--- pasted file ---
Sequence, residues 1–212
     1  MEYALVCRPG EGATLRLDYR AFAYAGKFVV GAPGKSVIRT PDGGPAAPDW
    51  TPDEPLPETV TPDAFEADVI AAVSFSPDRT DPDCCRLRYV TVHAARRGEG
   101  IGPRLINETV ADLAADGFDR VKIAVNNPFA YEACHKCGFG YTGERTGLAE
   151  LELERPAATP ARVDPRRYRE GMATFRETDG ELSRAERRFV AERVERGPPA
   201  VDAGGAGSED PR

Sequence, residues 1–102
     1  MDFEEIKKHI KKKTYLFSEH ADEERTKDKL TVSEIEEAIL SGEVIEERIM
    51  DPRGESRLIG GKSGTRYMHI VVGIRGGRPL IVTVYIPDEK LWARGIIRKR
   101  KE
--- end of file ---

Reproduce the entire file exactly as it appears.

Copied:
Sequence, residues 1–212
     1  MEYALVCRPG EGATLRLDYR AFAYAGKFVV GAPGKSVIRT PDGGPAAPDW
    51  TPDEPLPETV TPDAFEADVI AAVSFSPDRT DPDCCRLRYV TVHAARRGEG
   101  IGPRLINETV ADLAADGFDR VKIAVNNPFA YEACHKCGFG YTGERTGLAE
   151  LELERPAATP ARVDPRRYRE GMATFRETDG ELSRAERRFV AERVERGPPA
   201  VDAGGAGSED PR

Sequence, residues 1–102
     1  MDFEEIKKHI KKKTYLFSEH ADEERTKDKL TVSEIEEAIL SGEVIEERIM
    51  DPRGESRLIG GKSGTRYMHI VVGIRGGRPL IVTVYIPDEK LWARGIIRKR
   101  KE